‘Say “Yes, sir,” or “No, sir,” and do as you’re told. Better yet, say nothing at all. You now belong to the invisible world.’

Not all managed to overcome the disappointment and disillusionment that greeted them on arrival in America:

‘One of us filled the sleeves of her white silk kimono with stones and wandered out into the sea, and we still say a prayer for her every day.’

There were few alternatives. Returning to Japan was not an option:

‘If you come home, our fathers had written to us, you will disgrace the entire family.’

We follow the cycles of their lives. Babies arrive, rarely joyously:

‘We gave birth six weeks after our husband had left us to a child we now wish we had never given away.’

Despite all this, hope continued for some until the very end, ‘Still, they dreamed’, even though they knew for certain, particularly post Pearl Harbour, that their presence in this unwelcoming land was finite:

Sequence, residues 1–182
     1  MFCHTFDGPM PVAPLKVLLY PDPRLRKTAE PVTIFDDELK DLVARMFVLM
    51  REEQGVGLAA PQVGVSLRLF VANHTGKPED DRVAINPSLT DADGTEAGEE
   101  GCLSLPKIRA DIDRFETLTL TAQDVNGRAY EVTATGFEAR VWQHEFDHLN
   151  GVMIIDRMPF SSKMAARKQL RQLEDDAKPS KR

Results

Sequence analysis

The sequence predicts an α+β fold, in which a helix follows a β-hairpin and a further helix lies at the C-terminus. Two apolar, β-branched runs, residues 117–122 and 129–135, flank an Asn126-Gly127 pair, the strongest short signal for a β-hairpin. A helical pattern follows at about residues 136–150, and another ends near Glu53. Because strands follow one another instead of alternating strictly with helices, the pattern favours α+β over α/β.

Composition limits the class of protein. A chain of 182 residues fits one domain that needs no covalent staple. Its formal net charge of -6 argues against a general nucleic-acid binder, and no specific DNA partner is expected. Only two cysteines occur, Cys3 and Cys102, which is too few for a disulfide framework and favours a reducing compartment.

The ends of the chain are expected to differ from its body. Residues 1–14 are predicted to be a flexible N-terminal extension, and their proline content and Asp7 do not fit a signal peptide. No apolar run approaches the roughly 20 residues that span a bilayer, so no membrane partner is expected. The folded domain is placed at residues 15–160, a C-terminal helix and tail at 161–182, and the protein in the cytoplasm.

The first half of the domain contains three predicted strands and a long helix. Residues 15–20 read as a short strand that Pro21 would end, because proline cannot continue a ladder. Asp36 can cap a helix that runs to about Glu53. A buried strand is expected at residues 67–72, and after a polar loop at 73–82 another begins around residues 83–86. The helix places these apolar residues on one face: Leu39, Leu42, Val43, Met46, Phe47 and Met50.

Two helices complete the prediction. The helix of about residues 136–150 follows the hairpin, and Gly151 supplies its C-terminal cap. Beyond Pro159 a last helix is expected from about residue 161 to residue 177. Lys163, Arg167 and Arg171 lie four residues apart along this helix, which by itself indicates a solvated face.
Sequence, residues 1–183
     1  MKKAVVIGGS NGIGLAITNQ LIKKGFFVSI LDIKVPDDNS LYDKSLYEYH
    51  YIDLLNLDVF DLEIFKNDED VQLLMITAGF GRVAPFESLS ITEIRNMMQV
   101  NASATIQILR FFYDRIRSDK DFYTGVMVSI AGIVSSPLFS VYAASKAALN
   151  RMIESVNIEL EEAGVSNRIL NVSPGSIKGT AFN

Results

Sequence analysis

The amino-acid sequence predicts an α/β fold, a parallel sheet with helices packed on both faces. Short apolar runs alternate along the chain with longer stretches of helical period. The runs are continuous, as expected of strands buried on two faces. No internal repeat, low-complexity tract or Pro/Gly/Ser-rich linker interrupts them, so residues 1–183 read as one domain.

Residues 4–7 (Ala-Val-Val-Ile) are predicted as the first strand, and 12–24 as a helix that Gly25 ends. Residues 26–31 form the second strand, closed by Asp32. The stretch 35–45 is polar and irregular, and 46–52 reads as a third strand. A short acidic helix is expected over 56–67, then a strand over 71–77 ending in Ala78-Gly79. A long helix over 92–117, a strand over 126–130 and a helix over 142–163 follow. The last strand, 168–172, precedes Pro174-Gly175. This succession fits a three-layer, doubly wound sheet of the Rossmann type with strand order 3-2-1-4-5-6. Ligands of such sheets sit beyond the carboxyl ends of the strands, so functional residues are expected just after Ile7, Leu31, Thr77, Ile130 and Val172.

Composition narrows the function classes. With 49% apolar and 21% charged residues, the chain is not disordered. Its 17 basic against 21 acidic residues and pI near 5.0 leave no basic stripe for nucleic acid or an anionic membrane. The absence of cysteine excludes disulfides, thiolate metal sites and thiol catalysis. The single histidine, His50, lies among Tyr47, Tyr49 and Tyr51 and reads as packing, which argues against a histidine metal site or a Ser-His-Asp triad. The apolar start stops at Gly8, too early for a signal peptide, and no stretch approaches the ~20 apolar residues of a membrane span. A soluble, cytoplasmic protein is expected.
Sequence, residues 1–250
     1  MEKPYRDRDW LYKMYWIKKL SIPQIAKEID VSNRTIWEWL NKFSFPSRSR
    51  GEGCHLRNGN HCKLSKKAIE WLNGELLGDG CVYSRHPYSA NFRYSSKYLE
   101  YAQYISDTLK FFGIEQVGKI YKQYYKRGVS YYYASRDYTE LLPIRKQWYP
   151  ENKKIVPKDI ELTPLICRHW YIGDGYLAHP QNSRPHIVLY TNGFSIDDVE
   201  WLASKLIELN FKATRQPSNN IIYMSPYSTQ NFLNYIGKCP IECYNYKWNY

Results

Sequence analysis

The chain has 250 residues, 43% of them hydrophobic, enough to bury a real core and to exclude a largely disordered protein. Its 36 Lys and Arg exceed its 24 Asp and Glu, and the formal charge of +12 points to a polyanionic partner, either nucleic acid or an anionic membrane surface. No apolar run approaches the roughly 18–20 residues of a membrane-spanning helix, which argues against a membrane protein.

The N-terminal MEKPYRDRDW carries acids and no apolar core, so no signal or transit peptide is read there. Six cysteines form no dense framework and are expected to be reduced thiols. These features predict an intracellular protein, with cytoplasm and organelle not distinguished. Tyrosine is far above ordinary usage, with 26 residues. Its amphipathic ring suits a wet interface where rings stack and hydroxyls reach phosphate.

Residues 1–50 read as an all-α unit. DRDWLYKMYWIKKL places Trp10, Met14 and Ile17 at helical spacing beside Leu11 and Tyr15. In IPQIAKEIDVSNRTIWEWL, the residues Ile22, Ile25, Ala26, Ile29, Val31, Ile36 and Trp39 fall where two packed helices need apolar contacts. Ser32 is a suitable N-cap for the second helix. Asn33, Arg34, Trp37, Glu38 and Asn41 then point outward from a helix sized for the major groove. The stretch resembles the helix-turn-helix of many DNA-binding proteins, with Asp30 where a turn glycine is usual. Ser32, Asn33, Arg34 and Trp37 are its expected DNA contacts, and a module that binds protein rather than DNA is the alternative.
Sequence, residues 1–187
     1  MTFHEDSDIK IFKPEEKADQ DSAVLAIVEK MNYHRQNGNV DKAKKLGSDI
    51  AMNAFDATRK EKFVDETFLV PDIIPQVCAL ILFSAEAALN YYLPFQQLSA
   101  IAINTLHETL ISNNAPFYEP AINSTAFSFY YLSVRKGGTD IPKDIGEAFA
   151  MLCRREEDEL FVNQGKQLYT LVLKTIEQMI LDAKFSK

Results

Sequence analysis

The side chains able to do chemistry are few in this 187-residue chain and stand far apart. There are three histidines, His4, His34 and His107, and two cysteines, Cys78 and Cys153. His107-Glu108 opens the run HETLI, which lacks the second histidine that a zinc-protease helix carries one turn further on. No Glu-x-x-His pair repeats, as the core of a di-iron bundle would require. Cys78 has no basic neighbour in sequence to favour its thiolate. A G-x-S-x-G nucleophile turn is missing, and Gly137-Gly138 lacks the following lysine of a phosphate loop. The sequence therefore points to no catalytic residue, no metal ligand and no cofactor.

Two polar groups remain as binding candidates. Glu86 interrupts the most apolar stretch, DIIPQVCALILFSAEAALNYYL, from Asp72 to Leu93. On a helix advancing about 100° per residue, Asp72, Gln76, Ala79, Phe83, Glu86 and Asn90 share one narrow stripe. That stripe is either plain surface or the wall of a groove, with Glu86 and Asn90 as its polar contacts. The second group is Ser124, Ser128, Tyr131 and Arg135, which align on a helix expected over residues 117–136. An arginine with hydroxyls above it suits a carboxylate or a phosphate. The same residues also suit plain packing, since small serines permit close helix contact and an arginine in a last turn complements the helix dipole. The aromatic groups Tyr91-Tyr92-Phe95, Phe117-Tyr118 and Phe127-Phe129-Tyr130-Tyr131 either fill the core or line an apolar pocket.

‘And we knew it would only be a matter of time until all traces of us were gone.’

As they gradually disappear, so too does the voice of the first person plural, shifting from ‘we’ to ‘they’:

‘The Japanese have disappeared from our town.’

It feels as if the ‘invisible world’ that they inhabited has finally engulfed them, and no trace of their ever being, and mattering, remains:

‘All we know is that the Japanese are out there somewhere, in one place or another, and we shall probably not meet them again in this world.’